The study recommends “institutionalizing a culture of experimentation.” This entails, among others, “energizing rapid platform evolution,” developing advanced long-range missiles, funding innovative missile defense concepts, fielding additional air combat systems, exploiting America’s “undersea advantage,” and augmenting space, cyber, and electronic warfare capabilities.

If China’s economic, military, and geopolitical influence continue to rise at even a modest pace in the next 10 to 15 years, the study projects, “the world will witness the largest shift in the global distribution of power since the rise of the US in the late 19th and early 20th centuries.” And if within that period China surpasses the US as the world’s largest economy, “it will mark the first time in centuries that the world’s economic leader will be non-English speaking, non-Western, and non-democratic.”

“Of course these are some major ifs,” the study hastens to add, intimating the scenario may change if its recommendations were to be carried out.

The other report, by the International New York Times, pertains to a proposal by the Pentagon and the US Energy Department to modernize America’s current stockpile of nuclear weapons by turning these into smaller arms with lesser nuclear-power yield but more reliable targeting capabilities. The plan has sparked a debate among key military and civilian defense officials and criticisms from scientist groups.

The proponents claim that improving the existing weapons fulfils President Obama’s pledge not to produce new nuclear armaments and still makes their use “less likely because of the threat they can pose.” But the plan’s critics counter that the smaller yields and better targeting “can make the arms more tempting to use – even to use first [in attack], rather than in retaliation.”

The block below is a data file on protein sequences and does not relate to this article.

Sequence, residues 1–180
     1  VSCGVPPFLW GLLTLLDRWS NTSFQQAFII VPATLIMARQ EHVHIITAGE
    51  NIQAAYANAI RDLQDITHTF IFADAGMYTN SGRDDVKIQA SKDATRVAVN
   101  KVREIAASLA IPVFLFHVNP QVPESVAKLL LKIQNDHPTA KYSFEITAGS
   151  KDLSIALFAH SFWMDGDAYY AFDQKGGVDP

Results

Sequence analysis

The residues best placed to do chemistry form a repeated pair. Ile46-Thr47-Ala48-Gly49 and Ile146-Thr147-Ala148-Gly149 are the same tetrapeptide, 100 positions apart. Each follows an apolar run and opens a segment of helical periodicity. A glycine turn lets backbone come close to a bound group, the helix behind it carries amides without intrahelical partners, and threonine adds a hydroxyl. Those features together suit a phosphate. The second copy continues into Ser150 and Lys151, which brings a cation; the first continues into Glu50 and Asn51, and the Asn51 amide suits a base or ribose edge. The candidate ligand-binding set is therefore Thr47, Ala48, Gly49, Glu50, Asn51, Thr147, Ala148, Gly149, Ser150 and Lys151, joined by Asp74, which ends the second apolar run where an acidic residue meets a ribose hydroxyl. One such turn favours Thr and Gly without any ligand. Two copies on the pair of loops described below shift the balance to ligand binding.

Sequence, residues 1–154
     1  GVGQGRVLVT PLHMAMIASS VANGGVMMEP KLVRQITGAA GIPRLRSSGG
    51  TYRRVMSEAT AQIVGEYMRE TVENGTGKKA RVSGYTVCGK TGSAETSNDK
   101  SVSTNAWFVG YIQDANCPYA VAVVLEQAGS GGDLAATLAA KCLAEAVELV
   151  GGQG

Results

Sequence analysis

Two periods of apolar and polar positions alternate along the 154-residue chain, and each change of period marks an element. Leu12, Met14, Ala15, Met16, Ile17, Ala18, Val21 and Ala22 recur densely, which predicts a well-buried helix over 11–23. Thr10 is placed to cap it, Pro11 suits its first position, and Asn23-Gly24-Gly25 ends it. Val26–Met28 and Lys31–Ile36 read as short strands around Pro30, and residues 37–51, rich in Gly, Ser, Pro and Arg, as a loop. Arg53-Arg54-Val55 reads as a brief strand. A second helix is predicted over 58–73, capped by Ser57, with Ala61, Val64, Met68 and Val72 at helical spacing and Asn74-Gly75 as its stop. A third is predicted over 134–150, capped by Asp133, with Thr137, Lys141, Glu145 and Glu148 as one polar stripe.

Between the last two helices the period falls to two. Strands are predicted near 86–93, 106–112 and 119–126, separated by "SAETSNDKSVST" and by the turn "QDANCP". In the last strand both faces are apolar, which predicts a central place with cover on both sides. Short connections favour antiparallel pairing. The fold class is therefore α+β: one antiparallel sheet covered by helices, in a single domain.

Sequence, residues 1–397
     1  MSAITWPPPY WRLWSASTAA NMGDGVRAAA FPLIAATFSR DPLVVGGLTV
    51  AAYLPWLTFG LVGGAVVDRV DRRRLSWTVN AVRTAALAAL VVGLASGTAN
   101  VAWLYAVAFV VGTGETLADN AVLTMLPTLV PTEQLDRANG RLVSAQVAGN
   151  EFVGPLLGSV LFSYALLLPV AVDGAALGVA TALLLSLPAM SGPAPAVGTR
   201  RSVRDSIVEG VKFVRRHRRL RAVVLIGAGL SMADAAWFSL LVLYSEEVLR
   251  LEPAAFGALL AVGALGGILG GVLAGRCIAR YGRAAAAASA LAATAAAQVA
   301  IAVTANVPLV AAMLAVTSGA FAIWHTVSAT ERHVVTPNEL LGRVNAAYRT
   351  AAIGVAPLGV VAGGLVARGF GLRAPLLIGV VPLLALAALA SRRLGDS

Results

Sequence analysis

Most controversial is the B61 Model 12, the first of five cruise missile nuclear warheads flight-tested last year, as part of a revitalization program estimated to cost $1 trillion over 30 years. It’s described as “small, stealthy, and precise.” Russia has denounced the program as “irresponsible” and “openly provocative” and China is reportedly worried over the nuclear-tipped cruise missile. (China’s strategic deterrence force allegedly includes nuclear and conventional ballistic and cruise missiles.)

Within the US defense establishment, concerns have been raised over the nuke modernization plan. The former director of the Nuclear Weapons Council, Andrew Weber, called it “unaffordable and unneeded.” The Union of Concerned Scientists cites a finding by federal advisory scientists that “simply refurbishing weapons in their existing configurations could keep them in service for decades.” And the Federation of American Scientists warns that the claimed high accuracy and low destructive settings of the new weapons can induce military commanders to use them in an attack, simply because of assurances that the radioactive fallout and collateral damage would be limited.

It’s truly disturbing to contemplate how these developments in strategy and arms modernization could drag us into another US war, once the EDCA is implemented.

* * *

E-mail: satur.ocampo@gmail.com
Published in The Philippine Star
January 23, 2016

Share This Post